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Re: Bridging two subnets selectively using routing

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Joshua Kwan wrote:
> Hi LARTC,
> 
> I have two networks that I manage, A and B.  They both have their own
> primary gateways for hosts on the network, let's call them AR and BR.
> There is another box, A1, which lives on network A but also has a wire
> connecting it to a switch on network B. My goal is to let hosts on B
> access three particular hosts on A's subnet (192.168.4.0/24) and let
> hosts on A access one particular host on B's subnet (10.3.0.0/24).
> 
> Suppose the IP addresses of the machines I wish to address on either
> network are A2, A3, A4 and B1.
> 
> A1 has IP 10.3.0.13 on network B and 192.168.4.10 on network A. Is it
> possible to just tell the gateways for each network:
> 
> on BR: ip route add {A2, A3, A4} via 10.3.0.13
> on AR: ip route add B1 via 192.168.4.10
> 
> But when I do that, ping does something like:
> 
> PING A2 56(84) bytes of data.
> From BR: Redirect Host (new nexthop: 10.3.0.13)

That's to be expected, as far as I understand.

> and doesn't actually report success on the ping.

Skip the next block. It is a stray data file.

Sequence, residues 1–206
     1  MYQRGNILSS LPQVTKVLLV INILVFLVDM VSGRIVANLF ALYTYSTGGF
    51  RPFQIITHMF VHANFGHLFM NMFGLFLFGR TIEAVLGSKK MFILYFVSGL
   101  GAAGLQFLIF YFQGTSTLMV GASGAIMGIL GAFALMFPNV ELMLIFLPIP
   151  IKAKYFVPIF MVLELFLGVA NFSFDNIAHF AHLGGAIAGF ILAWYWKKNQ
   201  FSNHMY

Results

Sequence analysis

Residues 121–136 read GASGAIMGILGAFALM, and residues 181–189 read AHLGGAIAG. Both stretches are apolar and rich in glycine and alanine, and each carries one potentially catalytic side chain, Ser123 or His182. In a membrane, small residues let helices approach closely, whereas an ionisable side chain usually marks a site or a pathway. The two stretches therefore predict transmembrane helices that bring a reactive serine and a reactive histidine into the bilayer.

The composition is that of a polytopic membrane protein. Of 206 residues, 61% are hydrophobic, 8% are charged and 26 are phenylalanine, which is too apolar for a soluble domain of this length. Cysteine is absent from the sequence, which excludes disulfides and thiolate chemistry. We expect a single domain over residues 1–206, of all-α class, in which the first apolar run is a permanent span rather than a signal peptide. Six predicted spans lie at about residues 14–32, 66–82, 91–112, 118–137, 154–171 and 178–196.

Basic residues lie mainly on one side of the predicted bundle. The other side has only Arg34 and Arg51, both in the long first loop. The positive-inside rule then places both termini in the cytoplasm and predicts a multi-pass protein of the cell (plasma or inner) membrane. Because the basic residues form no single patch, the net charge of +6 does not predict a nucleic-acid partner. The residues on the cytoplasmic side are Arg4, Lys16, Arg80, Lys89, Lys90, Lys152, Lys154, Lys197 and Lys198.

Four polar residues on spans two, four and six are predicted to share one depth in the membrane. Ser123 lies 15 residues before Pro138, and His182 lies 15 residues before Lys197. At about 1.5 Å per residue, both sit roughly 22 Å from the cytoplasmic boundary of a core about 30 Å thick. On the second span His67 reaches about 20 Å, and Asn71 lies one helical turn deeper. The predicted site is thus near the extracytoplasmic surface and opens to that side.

> What am I doing wrong? Is this a job for iptables? I feel like I can do
> this with just routing table magic.

Well, nobody has given you a better answer yet, so I'll take a shot.

1. Check /proc/sys/net/ipv4/ip_forward on box A1 to see if it's
configured to route at all.

2. The hosts on network A will receive packets from miscellaneous IP
addresses in B's subnet, and not have any idea what to do with them.
You'll need to either configure routes on the hosts in network A...
# ip route add 10.3.0.0/16 via 192.168.4.10 dev eth0
...or set up box A1 to SNAT packets
# iptables -t nat -A POSTROUTING -s 10.3.0.0/16 -d 192.168.4.0/24 \
-j SNAT --to-source 192.168.4.10
You'll have to do something similar for the reverse direction, too.

I haven't tested what I wrote above; if it doesn't work, run tcpdump in
various places to see what icmp packets are going where.


Honestly, though, I think you're setting yourself up for a decent
headache trying to do it this way. In my opinion, the easy solution is
in the first word of your subject line: just make host A1 a bridge.
That's what I did when I originally set up that box, and it worked fine
the whole time I managed it (actually, I didn't manage it at all, since
the bridging never had any problems).

Put both physical networks on the same IP subnet and enforce any desired
firewalling/segmentation with a few simple iptables rules running on the
bridge. If you're still using the same machine that used to do that job,
you might be able to find the relevant configuration files lying around.
If not, I'm sure I can recall at least most of the details.


Either way, if you need assistance, let me know and I'll be happy to
stop by sometime and lend a hand.

-Corey
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